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Marine reserve targets to sustain and rebuild unregulated fisheries

Krueck, Nils C, Ahmadia, Gabby N, Possingham, Hugh P, Riginos, Cynthia, Treml, Eric A and Mumby, Peter J 2017, Marine reserve targets to sustain and rebuild unregulated fisheries, PLoS biology, vol. 15, no. 1, pp. 1-20, doi: 10.1371/journal.pbio.2000537.

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Title Marine reserve targets to sustain and rebuild unregulated fisheries
Author(s) Krueck, Nils C
Ahmadia, Gabby N
Possingham, Hugh P
Riginos, Cynthia
Treml, Eric AORCID iD for Treml, Eric A orcid.org/0000-0003-4844-4420
Mumby, Peter J
Journal name PLoS biology
Volume number 15
Issue number 1
Article ID e2000537
Start page 1
End page 20
Total pages 20
Publisher Public Library of Science
Place of publication San Francisco, Calif.
Publication date 2017-01
ISSN 1544-9173
1545-7885
Keyword(s) animals
biodiversity
conservation of natural resources
fisheries
fishes
marine biology
larvae
coral reefs
marine fish
marine conservation
conservation science
science & technology
life sciences & biomedicine
biochemistry & molecular biology
biology
Summary Overfishing threatens the sustainability of coastal marine biodiversity, especially in tropical developing countries. To counter this problem, about 200 governments worldwide have committed to protecting 10%-20% of national coastal marine areas. However, associated impacts on fisheries productivity are unclear and could weaken the food security of hundreds of millions of people who depend on diverse and largely unregulated fishing activities. Here, we present a systematic theoretic analysis of the ability of reserves to rebuild fisheries under such complex conditions, and we identify maximum reserve coverages for biodiversity conservation that do not impair long-term fisheries productivity. Our analysis assumes that fishers have no viable alternative to fishing, such that total fishing effort remains constant (at best). We find that realistic reserve networks, which protect 10%-30% of fished habitats in 1-20 km wide reserves, should benefit the long-term productivity of almost any complex fishery. We discover a "rule of thumb" to safeguard against the long-term catch depletion of particular species: individual reserves should export 30% or more of locally produced larvae to adjacent fishing grounds. Specifically on coral reefs, where fishers tend to overexploit species whose dispersal distances as larvae exceed the home ranges of adults, decisions on the size of reserves needed to meet the 30% larval export rule are unlikely to compromise the protection of resident adults. Even achieving the modest Aichi Target 11 of 10% "effective protection" can then help rebuild depleted catch. However, strictly protecting 20%-30% of fished habitats is unlikely to diminish catch even if overfishing is not yet a problem while providing greater potential for biodiversity conservation and fishery rebuilding if overfishing is substantial. These findings are important because they suggest that doubling or tripling the only globally enforced marine reserve target will benefit biodiversity conservation and higher fisheries productivity where both are most urgently needed.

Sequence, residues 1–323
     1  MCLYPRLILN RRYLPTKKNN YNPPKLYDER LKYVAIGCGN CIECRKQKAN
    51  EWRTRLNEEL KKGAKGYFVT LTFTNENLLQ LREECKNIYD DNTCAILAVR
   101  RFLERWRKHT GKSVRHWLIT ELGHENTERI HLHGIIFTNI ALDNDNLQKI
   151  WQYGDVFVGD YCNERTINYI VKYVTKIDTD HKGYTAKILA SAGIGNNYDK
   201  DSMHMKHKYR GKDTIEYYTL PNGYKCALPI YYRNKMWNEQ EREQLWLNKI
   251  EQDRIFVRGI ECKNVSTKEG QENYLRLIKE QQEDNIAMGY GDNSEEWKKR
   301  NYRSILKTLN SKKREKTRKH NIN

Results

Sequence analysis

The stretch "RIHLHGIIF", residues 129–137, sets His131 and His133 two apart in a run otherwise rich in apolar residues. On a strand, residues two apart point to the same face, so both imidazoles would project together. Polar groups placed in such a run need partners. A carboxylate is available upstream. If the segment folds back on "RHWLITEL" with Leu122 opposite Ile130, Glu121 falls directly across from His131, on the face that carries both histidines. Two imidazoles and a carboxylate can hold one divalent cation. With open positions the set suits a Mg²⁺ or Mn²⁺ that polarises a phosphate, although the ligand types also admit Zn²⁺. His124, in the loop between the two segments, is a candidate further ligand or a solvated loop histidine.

Language eng
DOI 10.1371/journal.pbio.2000537
Field of Research 06 Biological Sciences
11 Medical And Health Sciences
07 Agricultural And Veterinary Sciences
HERDC Research category C1.1 Refereed article in a scholarly journal
ERA Research output type C Journal article
Copyright notice ©2017, Krueck et al.
Free to Read? Yes
Use Rights Creative Commons Attribution licence
Persistent URL http://hdl.handle.net/10536/DRO/DU:30107447

Document type: Journal Article
Collections: School of Life and Environmental Sciences
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Every reasonable effort has been made to ensure that permission has been obtained for items included in DRO. If you believe that your rights have been infringed by this repository, please contact drosupport@deakin.edu.au.